With the Government contemplating clamping down on illegal downloads, some people I met the other day were explaining their ‘legal’ way around getting access to content. instead of downloading it they had bought a user-ID from a guy in the United States which, when they had spoofed they geo-location, allowed them unlimited access to cable TV channels via an iPad app. The conversation turned to the legality of this, the morality being a different issue entirely. So I did some digging to see if, as was contended, this was actually legal.
Let’s start with a step back. Downloading a copy of Game of Thrones is clearly illegal. it breaches the copyright owner’s rights not to have unauthorised copies of the work made. You download it, you make a copy, you’re liable if they can be bothered identifying and pursuing you. Of course pursuing tens of thousands of individuals is not fun at all so the copyright owners have tended to go after the major aggregators such as Pirate Bay, or tried to target ISPs such as iiNet. The Government has taken a similar approach and focused its efforts on the ISPs simply because they are an easier and richer target.
But what if you’re not making a copy? The first approach like this I’d heard of was people subscribing to Netflix in the US by using services that spoof their geo-location. Interestingly this doesn’t seem to be illegal from what I can tell. It certainly breaches the terms and conditions you sign up with Netflix under and so they would have a perfect right to terminate the service, but breaching the terms and conditions is not a crime, and there is US case law that doing something like spoofing the geo-location does not make it a crime. The key point in this situation, though, is that you have actually signed up with Netflix – you are paying the provider and have an agreement with them, albeit one you’ve breached from the very beginning.
But there’s more. The problem is that Netflix isn’t all that good and that has led to people finding more creative solutions to access the US cable channels like HBO Go. The basic approach is to find someone who has access to the US channels and is willing to re-sell their account log-on; and there are people making a business out of doing just that. While the pitched idea is that these guys are just re-selling their own account log-ons, the numbers don’t seem to support that. The people I’ve heard of are paying around $10 per month for access to a service that generally costs around $100 a month in the US. That would suggest that the ‘guy’ is either re-selling a lot of log-ons, well beyond the 5-7 sub-accounts that cable providers seem to allow, or he’s got a completely illegal source. Anyway that’s about the guy, we’re interested in the end-user.
So you find one of these guys in the US, or there are even local Australian-based re-sellers, and you get a log-on from them. You spoof the geo-location and you can watch the cable channels on your Apple TV as if you were in the United States. Clearly the person selling on the log-on is breaching the terms of their agreement with the cable company; he’s violating the terms of service, but that’s not a crime. You don’t have any relationship with the company and you’re not making copies of the shows, so how can you be liable for anything? When you read up on this there are many, many people saying that the end-user is doing nothing illegal; but a bit of digging suggests that’s not quite the case.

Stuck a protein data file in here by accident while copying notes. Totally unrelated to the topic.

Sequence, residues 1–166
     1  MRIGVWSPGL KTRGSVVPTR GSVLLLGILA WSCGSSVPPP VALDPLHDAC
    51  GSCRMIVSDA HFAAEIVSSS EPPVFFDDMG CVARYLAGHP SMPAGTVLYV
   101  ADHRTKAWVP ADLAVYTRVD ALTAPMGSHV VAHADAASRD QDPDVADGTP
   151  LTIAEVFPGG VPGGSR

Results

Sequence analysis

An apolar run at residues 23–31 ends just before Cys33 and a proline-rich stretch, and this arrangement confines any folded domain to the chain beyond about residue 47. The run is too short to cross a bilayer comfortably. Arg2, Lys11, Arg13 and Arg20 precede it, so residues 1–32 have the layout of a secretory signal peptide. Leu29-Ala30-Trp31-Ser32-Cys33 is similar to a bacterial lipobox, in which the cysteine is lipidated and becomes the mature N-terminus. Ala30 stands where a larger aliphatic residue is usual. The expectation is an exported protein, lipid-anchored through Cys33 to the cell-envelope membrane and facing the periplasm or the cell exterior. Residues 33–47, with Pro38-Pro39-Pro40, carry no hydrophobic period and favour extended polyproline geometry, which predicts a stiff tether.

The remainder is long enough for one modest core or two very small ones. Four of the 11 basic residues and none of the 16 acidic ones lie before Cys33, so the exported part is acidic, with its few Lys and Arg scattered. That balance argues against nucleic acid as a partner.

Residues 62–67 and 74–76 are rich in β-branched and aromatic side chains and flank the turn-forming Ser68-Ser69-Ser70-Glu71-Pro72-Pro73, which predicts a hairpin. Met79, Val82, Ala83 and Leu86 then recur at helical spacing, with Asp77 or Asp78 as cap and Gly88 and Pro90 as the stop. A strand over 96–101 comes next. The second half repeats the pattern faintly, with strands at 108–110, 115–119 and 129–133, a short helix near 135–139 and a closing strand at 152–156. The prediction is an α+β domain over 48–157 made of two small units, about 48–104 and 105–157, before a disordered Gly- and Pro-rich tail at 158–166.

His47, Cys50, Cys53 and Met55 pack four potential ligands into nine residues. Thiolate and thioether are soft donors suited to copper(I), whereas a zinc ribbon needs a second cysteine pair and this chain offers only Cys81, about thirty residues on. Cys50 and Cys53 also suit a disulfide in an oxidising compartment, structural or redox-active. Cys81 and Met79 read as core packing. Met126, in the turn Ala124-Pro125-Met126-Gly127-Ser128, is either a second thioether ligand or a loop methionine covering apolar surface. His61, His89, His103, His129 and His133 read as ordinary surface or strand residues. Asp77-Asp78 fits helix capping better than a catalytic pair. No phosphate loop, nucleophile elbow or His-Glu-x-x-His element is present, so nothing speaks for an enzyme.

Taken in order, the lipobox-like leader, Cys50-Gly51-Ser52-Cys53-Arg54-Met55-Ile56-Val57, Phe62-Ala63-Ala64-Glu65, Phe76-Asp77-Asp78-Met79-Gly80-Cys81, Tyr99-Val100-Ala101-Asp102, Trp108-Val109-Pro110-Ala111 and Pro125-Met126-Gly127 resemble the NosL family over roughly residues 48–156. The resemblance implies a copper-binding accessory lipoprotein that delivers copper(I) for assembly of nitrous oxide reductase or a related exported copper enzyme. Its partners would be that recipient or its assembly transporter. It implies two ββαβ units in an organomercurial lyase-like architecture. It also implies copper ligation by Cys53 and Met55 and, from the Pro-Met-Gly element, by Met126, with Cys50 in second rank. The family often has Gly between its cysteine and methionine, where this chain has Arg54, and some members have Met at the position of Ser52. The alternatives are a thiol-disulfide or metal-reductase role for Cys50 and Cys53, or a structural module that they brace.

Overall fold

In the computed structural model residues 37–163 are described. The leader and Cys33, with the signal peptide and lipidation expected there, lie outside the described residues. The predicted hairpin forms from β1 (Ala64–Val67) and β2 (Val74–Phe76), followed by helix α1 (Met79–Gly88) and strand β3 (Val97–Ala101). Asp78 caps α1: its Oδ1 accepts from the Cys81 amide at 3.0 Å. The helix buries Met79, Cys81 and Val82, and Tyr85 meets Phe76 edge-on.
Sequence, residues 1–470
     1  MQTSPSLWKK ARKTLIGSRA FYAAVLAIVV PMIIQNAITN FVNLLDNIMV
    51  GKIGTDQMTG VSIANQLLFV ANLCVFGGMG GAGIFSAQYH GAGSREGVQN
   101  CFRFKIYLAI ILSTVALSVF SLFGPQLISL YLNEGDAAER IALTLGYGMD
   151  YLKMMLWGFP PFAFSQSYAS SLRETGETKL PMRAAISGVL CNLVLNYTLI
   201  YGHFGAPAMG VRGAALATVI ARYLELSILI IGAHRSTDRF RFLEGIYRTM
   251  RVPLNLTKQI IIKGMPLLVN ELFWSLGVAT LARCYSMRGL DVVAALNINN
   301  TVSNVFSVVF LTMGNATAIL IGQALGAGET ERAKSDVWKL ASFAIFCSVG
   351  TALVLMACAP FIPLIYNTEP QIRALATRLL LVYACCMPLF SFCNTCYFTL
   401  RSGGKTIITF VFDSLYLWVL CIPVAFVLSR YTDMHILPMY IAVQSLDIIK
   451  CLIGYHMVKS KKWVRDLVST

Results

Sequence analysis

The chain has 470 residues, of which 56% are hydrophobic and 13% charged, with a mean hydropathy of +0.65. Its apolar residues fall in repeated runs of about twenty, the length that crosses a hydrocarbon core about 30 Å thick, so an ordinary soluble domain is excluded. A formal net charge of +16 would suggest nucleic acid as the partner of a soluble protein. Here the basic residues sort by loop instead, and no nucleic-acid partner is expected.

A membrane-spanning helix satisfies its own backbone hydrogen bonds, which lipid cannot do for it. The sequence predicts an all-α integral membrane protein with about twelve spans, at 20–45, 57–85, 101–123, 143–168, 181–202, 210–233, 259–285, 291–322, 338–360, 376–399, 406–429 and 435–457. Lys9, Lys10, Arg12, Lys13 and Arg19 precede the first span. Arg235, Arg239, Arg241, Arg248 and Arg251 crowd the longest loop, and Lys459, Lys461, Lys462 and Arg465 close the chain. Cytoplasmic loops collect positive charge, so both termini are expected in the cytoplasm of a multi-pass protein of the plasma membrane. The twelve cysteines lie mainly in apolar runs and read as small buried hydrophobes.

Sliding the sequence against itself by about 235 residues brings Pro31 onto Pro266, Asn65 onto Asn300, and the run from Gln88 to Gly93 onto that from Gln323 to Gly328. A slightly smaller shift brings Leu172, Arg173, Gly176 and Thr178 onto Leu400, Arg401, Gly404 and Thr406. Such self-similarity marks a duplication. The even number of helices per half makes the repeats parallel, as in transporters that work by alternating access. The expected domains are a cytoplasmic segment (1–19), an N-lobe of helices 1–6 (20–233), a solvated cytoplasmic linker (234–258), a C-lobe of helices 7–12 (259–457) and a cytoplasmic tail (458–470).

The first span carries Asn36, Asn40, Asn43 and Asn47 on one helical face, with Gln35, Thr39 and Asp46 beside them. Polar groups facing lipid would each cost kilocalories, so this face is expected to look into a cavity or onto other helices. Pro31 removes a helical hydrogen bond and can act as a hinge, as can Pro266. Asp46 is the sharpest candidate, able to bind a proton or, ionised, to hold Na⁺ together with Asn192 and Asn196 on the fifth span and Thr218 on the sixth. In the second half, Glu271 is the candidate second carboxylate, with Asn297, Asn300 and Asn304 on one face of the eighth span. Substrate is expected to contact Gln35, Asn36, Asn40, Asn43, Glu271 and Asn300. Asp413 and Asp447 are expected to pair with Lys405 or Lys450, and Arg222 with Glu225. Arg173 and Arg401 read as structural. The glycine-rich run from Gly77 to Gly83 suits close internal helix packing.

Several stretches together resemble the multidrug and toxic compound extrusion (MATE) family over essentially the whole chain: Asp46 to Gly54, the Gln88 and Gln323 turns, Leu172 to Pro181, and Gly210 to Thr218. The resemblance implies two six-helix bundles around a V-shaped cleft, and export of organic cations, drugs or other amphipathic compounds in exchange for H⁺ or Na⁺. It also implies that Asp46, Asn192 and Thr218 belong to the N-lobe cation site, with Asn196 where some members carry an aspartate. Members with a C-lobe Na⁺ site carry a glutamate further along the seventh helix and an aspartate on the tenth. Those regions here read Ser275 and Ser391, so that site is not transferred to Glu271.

The police clearly think that illicit access is illegal:
Ashfield crime manager Enrico Coffen said that anyone with an illegal subscription to pay TV must realise that it is a crime and that people dealing in this trade will be investigated and prosecuted.
Up to a point, the police are right. In Australia it is an offence under the Copyright Act to access a ‘subscription broadcast’ without authorisation. The offence covers unauthorised access regardless of context and includes unauthorised access in a private home. A successful prosecution could result in damages and prison. Many countries have similar laws and in Germany a man was recently jailed for 18 months for illegally selling access to a cable channel. But this law only applies to broadcasts made in Australia, so it doesn’t protect the US cable channel in the scenario we’re looking at. (In fact the situation is a bit more complicated than that: If the broadcaster is registered in Australia the law kicks in so your liability could change at any time.)
As far as I can see, you’re not breaking an Australian law by illicitly accessing the US cable network via the Internet. However, the USA, Canada, the UK and most European countries have similar laws to ours. So it would appear that you would be breaking a US law by illegally accessing a cable subscription. And there’s another US law that you might technically be falling foul of: You’ve just hacked into the cable company’s computer by accessing a computer system without authority – and in those terms that’s a criminal act in the United States.
At the end of the day there’s a vanishingly small chance of any of this coming home to roost. In fact, HBO’s CEO has publicly stated that he has no problem with people sharing passwords. While that’s not the same as making a business out of re-selling passwords, it is indicative of the level of interest that the cable channels would have in prosecuting an end-user at the other end of the World.
Note: This article doesn’t purport to be real legal research let alone legal advice. It also isn’t indicative of my claiming any moral high-ground on the subject of illicit access to shows – I’ve written before about the foolishness of companies not recognising the global nature of their market in an Internet-connected World and the inevitability of people getting round restrictions that are purely frustrating.